View Full Version : Martial Arts for self defence = oxymoron?

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11/06/2003 3:57pm,
Had an interesting idea the other day.. are Martial Arts that are meant for/or practiced for Self Defence actually quite impractical?

Unless we live in a Ghetto where we have to fight our way uphill every day to work, it seems to be so:

a)You will probably get as injured during your MA career as you would on the street with no formal training, if not more.

b)You will probably pay more for the MA classes then what will be ripped off/stolen.

c)In the event you are attacked with a knife/gun/a group, you're pretty much screwed anyway.


11/06/2003 4:11pm,
what is your point? not to do it? or realise how useless it is in your opinion?

11/06/2003 4:53pm,
I think his point is that there is no point.

It's pointless to try to point to any advantages.

Besides, it's rude to point.

11/06/2003 4:55pm,
point taken.

Sorry someone had to do it, and you know he was expecting it.

Mr. Mantis
11/06/2003 4:56pm,

11/06/2003 5:24pm,

Just pointing out the facts.

11/06/2003 6:10pm,
There is no spoo..int, just an observation - most people start MAs for self defence. Ironic.

/me pulls fishing rod out of the pool

11/06/2003 7:00pm,
Hopefully you're not terrified for your life in your classes, or getting raped in them

11/07/2003 3:04am,
most people start MAs for self defence. Ironic.

To an extent it is - but it's better to know it than not, if it "works" and/or gives you a sensible outlook on SD (i.e. to run etc etc.) The best reason for you to do an MA should be because you enjoy it IMO (i.e. you like sparring, competition, want to be Pro etc.) SD should be secondary.

11/07/2003 3:11am,
That is very true, perhaps MA teacher are really really clever crooks. Instead of attacking you and taking your money, they convince you to let them attack you and give you their money. What you said today was probably the most clever thing I've ever read on a MA webpage.

Hell, if you could somehow spread this word you could possibly singlehandedly bring down the world of MAs from its core concept.

11/07/2003 3:48am,
Well I DO live in the ghetto.

11/07/2003 4:29am,
The best thing you can do is learn to beat a single, unarmed opponent. It depends on each individual situation if you'll be able to use it or not. (weapons will over ride this most of the time, but be prepared for the consequenses of using them)

Other than that it's all about avoidance and running, but that has nothing to do with fighting, that's track and field.

11/07/2003 6:57am,
If you wanted a serious answer, then first there needs to be a question or a concrete proposition.

I assume that the underlying proposition is as follows:

"Given the points raised by Astra above, this forum believes that, for the majority of the population, MA training is uneconomical."

Right. Now discuss.

11/07/2003 7:08am,
Given the proposition above, I have a number of points to make.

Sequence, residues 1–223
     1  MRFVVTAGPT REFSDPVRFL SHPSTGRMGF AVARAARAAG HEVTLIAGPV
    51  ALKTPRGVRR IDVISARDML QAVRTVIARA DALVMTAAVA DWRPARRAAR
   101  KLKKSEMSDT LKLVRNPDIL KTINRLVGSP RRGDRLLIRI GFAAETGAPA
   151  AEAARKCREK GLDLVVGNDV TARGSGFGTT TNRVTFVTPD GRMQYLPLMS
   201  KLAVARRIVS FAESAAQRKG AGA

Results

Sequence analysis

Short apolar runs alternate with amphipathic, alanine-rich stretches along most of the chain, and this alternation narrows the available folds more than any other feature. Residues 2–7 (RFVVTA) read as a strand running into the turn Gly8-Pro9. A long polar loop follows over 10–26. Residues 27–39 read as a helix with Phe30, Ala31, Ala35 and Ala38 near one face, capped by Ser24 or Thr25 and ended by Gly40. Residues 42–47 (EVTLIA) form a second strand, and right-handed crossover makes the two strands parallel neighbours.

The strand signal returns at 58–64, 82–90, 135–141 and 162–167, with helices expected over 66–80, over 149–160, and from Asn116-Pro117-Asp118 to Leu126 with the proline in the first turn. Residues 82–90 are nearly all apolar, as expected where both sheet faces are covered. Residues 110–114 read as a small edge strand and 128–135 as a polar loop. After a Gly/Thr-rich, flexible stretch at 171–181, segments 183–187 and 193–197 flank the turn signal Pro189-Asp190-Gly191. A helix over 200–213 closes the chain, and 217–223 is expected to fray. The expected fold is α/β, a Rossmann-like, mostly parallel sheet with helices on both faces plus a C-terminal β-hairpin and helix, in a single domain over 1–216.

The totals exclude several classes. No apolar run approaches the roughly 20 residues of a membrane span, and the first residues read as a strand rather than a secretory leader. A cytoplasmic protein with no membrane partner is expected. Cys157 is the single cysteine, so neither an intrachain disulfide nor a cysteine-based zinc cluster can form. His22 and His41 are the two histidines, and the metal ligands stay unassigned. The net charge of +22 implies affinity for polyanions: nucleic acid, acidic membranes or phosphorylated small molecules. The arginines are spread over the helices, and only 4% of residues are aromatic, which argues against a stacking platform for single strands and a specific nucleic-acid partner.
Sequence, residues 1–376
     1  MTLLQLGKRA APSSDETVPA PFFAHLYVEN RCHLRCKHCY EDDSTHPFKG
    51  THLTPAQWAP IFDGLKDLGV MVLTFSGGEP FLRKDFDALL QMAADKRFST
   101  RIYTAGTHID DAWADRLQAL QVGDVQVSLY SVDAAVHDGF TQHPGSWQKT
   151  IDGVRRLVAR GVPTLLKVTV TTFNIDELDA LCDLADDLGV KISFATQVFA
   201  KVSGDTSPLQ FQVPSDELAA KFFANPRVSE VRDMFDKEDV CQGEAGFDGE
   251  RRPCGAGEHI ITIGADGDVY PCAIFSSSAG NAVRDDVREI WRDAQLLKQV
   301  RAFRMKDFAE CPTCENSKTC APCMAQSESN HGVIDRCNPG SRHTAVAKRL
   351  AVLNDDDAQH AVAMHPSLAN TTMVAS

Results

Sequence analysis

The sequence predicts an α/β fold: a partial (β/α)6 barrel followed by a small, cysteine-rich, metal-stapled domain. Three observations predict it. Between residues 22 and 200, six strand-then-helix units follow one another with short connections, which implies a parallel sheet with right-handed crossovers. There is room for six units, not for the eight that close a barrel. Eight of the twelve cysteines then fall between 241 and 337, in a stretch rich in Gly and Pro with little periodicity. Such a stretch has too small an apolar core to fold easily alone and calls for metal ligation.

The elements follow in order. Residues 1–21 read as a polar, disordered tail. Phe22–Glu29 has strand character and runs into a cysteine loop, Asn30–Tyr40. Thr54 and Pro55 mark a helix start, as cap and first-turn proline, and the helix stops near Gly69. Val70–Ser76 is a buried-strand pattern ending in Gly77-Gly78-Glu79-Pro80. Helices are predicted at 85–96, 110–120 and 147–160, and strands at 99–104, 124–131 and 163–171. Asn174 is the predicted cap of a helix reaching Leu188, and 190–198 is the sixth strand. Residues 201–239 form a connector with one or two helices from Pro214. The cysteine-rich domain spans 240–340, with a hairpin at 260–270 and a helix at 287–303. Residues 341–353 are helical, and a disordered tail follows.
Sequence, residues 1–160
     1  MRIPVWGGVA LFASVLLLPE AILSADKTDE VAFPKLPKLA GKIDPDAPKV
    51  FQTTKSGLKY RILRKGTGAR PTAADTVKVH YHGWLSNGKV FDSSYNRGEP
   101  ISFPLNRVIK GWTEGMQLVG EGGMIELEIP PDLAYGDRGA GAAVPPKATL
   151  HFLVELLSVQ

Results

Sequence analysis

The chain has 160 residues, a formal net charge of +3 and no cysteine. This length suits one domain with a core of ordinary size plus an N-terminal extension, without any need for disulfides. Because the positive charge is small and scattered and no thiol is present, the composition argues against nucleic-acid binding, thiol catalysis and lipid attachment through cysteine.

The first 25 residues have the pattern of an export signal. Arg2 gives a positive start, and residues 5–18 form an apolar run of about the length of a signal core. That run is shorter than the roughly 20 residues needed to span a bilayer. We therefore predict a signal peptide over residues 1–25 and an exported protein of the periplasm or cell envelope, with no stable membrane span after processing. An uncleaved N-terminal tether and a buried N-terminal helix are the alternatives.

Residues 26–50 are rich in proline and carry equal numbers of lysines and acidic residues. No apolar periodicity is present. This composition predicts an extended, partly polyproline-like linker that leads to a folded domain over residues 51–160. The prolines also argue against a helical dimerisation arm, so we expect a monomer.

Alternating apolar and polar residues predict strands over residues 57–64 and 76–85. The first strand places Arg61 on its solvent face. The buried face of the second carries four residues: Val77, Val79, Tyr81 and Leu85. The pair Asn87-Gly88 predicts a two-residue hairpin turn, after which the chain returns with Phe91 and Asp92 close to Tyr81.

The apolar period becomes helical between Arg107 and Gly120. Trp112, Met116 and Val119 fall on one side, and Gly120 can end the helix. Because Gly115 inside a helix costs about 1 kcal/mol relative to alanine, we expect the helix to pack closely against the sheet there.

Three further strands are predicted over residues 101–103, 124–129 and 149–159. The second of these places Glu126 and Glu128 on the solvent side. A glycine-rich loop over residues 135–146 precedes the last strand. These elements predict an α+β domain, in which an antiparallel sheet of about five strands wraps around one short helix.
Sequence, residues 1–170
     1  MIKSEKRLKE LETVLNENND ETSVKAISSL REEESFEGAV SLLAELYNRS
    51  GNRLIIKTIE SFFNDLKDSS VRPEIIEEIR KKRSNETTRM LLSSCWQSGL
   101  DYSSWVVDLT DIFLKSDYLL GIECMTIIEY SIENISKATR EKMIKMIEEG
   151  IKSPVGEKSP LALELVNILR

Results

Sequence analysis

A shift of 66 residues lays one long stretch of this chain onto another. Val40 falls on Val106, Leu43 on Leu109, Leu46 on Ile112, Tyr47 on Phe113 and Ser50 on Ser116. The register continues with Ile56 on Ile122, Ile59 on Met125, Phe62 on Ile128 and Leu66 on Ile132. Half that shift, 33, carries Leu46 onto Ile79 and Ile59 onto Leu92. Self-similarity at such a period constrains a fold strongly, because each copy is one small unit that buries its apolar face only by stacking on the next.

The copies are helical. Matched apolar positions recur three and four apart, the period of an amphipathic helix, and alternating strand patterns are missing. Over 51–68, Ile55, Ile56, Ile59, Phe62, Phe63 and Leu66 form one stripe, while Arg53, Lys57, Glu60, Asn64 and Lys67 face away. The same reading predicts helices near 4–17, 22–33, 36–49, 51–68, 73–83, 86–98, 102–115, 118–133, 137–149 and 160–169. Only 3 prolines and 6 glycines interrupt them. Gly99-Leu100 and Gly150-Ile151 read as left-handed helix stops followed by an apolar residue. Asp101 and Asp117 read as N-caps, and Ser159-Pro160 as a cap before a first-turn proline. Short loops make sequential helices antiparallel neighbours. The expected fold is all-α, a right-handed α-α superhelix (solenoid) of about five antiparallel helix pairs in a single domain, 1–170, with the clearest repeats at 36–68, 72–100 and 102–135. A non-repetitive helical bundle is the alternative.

1) I'd question the adequacy of the idea that a simple cost-benefit analysis is appropriate when taking MA training into account. The benefits of MA training are wider than those suggested above (ie. financial impact over the lifecycle, injuries sustained over the lifecycle).

2) Personally, I started martial arts because I was smaller and younger than the other kids in my class, and I was fed up of feeling threatened. MA training gave (and still gives) me a self of self-confidence that translates to a constant and not-insignificant stream of utility.

3) I am certain that the self-confidence granted to me by training reduces the probability of being mugged. It certainly increases the likelihood of my being able to fight back effectively. Given the high incidence of mostly unarmed fights in my residential area (not many guns around), I dispute that fact that I'd be "screwed anyway".

4) I enjoy the classes I do.

5) MA classes keep me in shape both directly and indirectly (through giving me a concrete motivation to work out in the weights room). As a result, I am more likely to score with hot chicks.

6) I like scoring with hot chicks, therefore this further increases the utility return of MA classes.

Conclusion (since I'm at work and really shouldn't be spending time here):

Astra's statements misrepresent the utility profile of MA classes. There are diverse gains and, according to my personal cost-benefit analysis, I think I can objectively justify the costs.

11/07/2003 7:11am,
Final comment:

For most people, MA/self-defense training is a classic case of being risk-averse.

It's like insurance.

You pay a bit now, consistently, through your life. You may never need to use it, and you're happy with that situation. However, if the worst DID happen, at least you have a fall-back.

Oh, and it looks cool and chicks dig it.

11/07/2003 7:26am,
This what im trying to fathom:

We're better off getting beaten up and robbed, because we'd spend way more than what was robbed in order to stop it from happening?

Screw that.